The Implications of Tobacco Smoking on Acute Postoperative Pain: A Prospective Observational Study

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The Implications of Tobacco Smoking on Acute Postoperative Pain: A Prospective Observational Study
Key Take-Away: 

Nicotine has been known to invigorate the central nervous system (CNS) and lead to analgesia at low doses. This Asian population based study showed that men still smoke at eminent rates, thus allowing for better comparisons to be made between smokers and nonsmokers in regard to acute postoperative pain. Total morphine requirement differences between different groups was observed by adjusting age, weight and surgical duration.

The clinical importance of cigarette smoking on acute postoperative pain perception is not fully understood.

ABSTRACT: 
Background: 

The clinical importance of cigarette smoking on acute postoperative pain perception is not fully understood.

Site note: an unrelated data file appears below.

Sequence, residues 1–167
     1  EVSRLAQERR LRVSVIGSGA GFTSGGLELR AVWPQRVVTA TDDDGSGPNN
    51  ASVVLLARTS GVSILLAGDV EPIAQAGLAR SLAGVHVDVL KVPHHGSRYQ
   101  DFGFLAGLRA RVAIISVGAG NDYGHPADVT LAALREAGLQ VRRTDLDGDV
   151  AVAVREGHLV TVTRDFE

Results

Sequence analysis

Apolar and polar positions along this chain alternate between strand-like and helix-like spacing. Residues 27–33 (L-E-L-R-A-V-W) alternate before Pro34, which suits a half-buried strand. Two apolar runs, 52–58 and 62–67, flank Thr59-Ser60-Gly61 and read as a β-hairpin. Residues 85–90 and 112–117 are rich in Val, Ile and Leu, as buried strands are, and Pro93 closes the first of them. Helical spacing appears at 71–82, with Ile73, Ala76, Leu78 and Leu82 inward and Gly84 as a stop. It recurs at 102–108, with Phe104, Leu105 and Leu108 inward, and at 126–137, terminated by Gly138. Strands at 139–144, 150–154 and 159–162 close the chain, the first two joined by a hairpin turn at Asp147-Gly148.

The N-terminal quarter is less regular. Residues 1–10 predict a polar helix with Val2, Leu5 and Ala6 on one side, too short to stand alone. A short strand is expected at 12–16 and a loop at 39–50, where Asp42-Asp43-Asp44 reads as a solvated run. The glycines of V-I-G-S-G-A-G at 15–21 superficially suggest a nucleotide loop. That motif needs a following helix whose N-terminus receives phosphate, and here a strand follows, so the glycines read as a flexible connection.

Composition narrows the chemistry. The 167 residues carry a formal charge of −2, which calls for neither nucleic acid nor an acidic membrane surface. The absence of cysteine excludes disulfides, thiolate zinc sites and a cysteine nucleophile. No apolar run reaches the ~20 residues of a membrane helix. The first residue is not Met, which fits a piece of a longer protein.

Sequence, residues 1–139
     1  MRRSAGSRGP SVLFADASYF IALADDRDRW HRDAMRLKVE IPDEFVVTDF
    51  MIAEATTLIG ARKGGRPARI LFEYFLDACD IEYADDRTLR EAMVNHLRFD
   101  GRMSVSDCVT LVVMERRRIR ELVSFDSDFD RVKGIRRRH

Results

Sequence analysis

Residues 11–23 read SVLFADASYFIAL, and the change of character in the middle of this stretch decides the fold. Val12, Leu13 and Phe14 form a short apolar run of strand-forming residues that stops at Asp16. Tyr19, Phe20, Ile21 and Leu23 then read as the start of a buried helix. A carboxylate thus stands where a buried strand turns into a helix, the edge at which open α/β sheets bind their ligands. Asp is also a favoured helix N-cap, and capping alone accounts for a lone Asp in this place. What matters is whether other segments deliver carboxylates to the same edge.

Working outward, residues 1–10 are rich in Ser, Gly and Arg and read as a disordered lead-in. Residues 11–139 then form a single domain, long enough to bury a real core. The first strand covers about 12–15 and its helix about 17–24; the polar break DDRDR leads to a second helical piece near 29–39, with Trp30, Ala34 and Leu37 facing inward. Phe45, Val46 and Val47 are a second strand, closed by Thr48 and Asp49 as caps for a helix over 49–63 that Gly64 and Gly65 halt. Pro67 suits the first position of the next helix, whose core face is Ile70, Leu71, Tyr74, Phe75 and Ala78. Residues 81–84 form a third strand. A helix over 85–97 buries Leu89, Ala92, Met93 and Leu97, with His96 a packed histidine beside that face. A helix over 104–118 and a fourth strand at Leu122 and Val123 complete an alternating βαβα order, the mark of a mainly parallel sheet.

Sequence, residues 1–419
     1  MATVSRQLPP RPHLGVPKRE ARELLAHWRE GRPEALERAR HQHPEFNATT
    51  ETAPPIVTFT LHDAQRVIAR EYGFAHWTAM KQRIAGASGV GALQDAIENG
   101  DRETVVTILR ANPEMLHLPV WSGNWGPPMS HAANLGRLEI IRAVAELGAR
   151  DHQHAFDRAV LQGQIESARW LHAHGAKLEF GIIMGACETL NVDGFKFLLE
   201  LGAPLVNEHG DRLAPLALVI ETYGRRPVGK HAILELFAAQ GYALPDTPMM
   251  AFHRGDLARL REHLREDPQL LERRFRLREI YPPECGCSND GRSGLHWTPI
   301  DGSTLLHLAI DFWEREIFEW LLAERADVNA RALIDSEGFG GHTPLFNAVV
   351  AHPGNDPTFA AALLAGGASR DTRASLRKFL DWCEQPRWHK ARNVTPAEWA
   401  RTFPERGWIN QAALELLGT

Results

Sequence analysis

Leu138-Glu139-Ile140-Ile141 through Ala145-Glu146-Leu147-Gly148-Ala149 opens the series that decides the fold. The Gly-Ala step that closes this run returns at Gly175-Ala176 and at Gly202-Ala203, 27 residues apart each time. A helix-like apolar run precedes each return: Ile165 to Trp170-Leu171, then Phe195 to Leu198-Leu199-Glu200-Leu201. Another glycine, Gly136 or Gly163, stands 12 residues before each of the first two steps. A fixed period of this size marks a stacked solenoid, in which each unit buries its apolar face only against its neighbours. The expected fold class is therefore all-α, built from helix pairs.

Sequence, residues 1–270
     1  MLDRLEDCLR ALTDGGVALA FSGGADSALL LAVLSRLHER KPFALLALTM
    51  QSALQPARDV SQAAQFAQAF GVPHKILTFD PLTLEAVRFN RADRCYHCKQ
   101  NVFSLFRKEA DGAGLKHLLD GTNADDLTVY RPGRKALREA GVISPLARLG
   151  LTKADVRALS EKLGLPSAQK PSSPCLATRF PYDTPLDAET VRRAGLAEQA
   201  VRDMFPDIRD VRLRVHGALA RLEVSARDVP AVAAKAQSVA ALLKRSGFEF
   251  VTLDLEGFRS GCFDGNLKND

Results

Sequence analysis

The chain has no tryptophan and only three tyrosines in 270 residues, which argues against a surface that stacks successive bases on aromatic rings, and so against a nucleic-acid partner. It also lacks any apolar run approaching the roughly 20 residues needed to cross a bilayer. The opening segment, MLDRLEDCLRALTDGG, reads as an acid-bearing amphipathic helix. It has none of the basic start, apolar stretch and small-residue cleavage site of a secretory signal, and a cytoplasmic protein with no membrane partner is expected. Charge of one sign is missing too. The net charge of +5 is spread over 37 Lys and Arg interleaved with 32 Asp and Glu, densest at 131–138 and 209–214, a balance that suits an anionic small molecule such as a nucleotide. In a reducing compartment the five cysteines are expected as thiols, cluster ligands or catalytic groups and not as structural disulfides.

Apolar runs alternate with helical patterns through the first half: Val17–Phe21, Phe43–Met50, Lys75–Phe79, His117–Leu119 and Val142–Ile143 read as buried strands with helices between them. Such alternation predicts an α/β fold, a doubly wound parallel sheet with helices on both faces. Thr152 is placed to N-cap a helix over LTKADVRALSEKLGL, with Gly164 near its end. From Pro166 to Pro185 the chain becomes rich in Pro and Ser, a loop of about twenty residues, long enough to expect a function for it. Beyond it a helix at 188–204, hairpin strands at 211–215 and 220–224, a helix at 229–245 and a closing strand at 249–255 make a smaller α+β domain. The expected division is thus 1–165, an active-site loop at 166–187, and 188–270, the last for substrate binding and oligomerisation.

Methods: 

To determine whether smokers who underwent major surgery need more postoperative opiate than do nonsmokers.

We prospectively enrolled 407 male and 441 female participants who underwent in-hospital surgery. Current-smokers were compared with nonsmokers and past-smokers about opiate use during the first 72 h after surgery.

Results: 

A greater proportion of males had more smoking history than females. The average age of male current-smokers is smaller than both nonsmokers and past-smokers.

The surgical type (upper abdomen, lower abdomen, extremities, spine, and others) and duration of surgery have no differences between current-smokers, past-smokers, and nonsmokers. Statistically, the male current-smokers required more opiate analgesics during the first 72 h following surgery compared with the male nonsmokers and past-smokers; furthermore, the male current-smokers reported higher pain intensity when moving and at rest on day 1 after surgery.

Conclusion: 

In this study, the male current-smokers required more morphine in the first 72 h after surgery than did the nonsmokers and past-smokers.

Furthermore, smoking was more prevalent among the males than the females. Health care providers must be aware of the potential for increased narcotic requirements in male current-smokers.

Pain Research and Management 2016
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